Overall it was a very tough week, but made much easier by being looked after by the Multivan crew. I now will be based in Stuttgart for a few weeks; spending some time working at DLR (German aerospace research centre) for my PhD.

Thursday, June 25, 2009

Return of the Blog

Trans Germany Stage 4; one i'll be happy to forget soon. 120km was never going to be easy - but it is always better when your bike stays in one piece. After about 70km of sitting on the back of the Team Bulls driven bunch at a very solid pace, we were hammering through an area that had been felled, braches and sticks everywhere. Riders amongst you will guess what happened next; crack/bang and in an instant my rear derailleur was gone in a mess of spokes and chain. I quickly took off all the necessary bits to let the bike roll freely, and proceded to walk/roll the 10km to the next spot one of the Multivan team guys was. Being a professional mechanic, it didn't take him long to fix things up and get me rolling again, but the damage was done and I had lost more than half an hour. With the gears not working too well still I met up with a group with a few of the women and also Mike Blewitt from Australia and tapped out the last 40km home at a pretty easy pace.
On the up-side Jochen again won today and is now only a handful of seconds behind Dietsch in 2nd overall. Hannes is still 3rd and Kugler 4th after Lakata again flatted and lost a solid chunk of time.

Tuesday, June 23, 2009

The Blog Strikes Back

My plans to update the blog daily during Trans Germany were unexpectedly thwarted by not being able to get an internet connection in the little backwaters we have been staying in.  The 1st stage was a bit of a strange affair, with 103 km listed in the book as the race distance.  However the first 28 km were neutral and the whole field was stopped and regrouped before the real racing began.  I felt pretty good, and found myself in the 2nd bunch on the road with a group of 5 ahead.  There were 2 Multivan guys (Andreas Kugler and Hannes Genze) in the front group, and I was with Jochen Käss.  The bunch worked well and I was surprised to find the time gap was only a few minutes well into the stage.  Kugler was 2nd in a sprint and I was 12th.

Stage 2 started badly for me; after sitting with the (large) lead group up the long first climb I flatted just over the top.  It was a gash in the tire, and after trying Pitstop foam I had to put a tube in.  Problem was it was so cold my hands wouldn't work properly, so when the CO2 froze the valve, I couldn't close it quickly enough and I had only around 20 Psi in the tire.  Luckily it wasn't too far to the next feed, and after a quick wheel change I was left with the hard task of trying to catch groups of riders on my own on a very fast course.  I didn't dig too deep, but it was still tough riding most of the 82 km on my own or in groups of 2 or 3.  In the end I was almost 15 min down on the stage.  On the plus side, Hannes attacked on the last techo descent and stayed away to win and take the overall lead, with Kugler again 2nd on the stage.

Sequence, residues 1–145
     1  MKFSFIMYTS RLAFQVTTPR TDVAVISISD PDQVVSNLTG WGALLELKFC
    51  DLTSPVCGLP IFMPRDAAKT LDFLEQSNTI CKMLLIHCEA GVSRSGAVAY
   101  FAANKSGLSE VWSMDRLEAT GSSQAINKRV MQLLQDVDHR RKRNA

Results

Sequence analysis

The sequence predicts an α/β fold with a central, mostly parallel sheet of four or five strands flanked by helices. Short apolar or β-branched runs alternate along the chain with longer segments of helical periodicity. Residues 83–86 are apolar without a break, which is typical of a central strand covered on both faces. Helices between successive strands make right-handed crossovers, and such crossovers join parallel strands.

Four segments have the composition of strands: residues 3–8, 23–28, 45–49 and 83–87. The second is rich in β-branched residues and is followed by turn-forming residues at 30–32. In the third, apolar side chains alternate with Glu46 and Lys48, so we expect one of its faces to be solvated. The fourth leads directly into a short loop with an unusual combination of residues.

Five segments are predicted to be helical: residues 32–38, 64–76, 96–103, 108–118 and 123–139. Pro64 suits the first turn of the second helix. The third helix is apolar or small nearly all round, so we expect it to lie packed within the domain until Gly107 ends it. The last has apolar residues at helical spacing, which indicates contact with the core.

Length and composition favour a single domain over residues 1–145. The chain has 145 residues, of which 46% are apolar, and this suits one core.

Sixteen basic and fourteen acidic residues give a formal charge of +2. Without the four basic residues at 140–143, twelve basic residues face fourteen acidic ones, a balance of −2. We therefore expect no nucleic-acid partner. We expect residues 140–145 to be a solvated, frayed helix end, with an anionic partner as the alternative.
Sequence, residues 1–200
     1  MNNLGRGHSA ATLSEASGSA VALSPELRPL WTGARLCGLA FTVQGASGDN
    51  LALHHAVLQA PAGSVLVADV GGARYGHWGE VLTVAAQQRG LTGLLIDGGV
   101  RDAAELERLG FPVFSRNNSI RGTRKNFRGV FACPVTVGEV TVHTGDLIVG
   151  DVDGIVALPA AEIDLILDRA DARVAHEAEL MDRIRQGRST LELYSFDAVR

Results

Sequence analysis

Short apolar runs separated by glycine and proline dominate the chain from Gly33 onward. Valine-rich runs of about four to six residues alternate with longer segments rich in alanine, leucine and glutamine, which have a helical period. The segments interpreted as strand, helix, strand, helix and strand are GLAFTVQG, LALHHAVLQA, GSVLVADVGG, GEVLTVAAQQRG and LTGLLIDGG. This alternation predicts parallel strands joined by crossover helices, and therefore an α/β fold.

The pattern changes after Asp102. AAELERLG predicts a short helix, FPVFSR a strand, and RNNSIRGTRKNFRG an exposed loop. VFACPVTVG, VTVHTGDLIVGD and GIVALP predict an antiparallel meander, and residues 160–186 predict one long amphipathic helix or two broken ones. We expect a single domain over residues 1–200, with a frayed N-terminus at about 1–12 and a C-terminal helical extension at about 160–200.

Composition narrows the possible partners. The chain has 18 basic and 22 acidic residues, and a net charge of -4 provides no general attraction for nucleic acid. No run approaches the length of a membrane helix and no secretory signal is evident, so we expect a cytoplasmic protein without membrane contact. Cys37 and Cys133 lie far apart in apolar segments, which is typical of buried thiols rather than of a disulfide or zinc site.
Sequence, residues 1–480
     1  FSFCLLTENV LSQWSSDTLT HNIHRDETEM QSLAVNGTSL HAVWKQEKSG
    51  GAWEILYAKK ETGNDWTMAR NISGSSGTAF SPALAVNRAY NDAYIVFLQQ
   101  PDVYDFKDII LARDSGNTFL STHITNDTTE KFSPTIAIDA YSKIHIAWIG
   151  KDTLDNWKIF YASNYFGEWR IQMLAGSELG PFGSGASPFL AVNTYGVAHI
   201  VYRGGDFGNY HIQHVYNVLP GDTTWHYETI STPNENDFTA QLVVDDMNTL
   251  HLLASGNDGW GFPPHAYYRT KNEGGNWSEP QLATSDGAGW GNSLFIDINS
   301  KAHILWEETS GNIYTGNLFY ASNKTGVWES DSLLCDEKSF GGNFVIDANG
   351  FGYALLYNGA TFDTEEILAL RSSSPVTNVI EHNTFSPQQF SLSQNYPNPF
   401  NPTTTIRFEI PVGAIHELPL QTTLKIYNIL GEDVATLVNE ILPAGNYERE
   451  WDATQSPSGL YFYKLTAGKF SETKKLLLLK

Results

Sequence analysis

Stage 3 was a bit of a ball breaker; 96 km with quite a bit of climbing.  Stayed up with the front bunch for about half the stage, working hard as one of Hannes main GC rivals had been dropped with a mechanical. Once the big guns started to hammer I had drop off, but ended up in a good group to get back to the finish.  Quite tired now, and happy I have been able to land myself in a good spot with the Multivan guys.  These guys are a serious outfit, and it is nice to have someone take your filthy bike away as you cross the line and hand it back sparkling new :)

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Friday, June 19, 2009

A New Blog

Just like Star Wars started with "A New Hope", which was actually half way through the whole Star Wars saga, I have started "A New Blog". If you scroll down you will notice that my last post was quite some time ago now, and rather than try and fill in everything that happened over summer I think I'll just start with right now.
You find me typing from Stuttgart, Germany; 12 hours after I landed in Frankfurt and having just returned from the Merida Europe headquaters. After 2 epic flights, 1 swine flu scare, 3 trains and finding a hotel in the maze of Stuttgart University I was quite pleased with myself that everything had gone to plan, the only hiccup was getting lost in the hotel and not being able to find my room after checking in!
My first major appointment in Europe is the Trans Germany stage race, and I am being looked after by the Merida - Multivan pro team for the week. Stuttgart is where I will spend time working (PhD work that is) after the race, and it just happens that the Merida Europe headquaters is just down the road, so I knocked the bike together and pedalled over to introduce myself.
So that's about it for now. Updates will be as regular as I want this year as I have my new EeePC mini laptop with me, so keep tuning in for more episodes of the "Blog Wars" saga!

Shiny new bits for the long Euro tour, and most importantly all straight and working at the other end.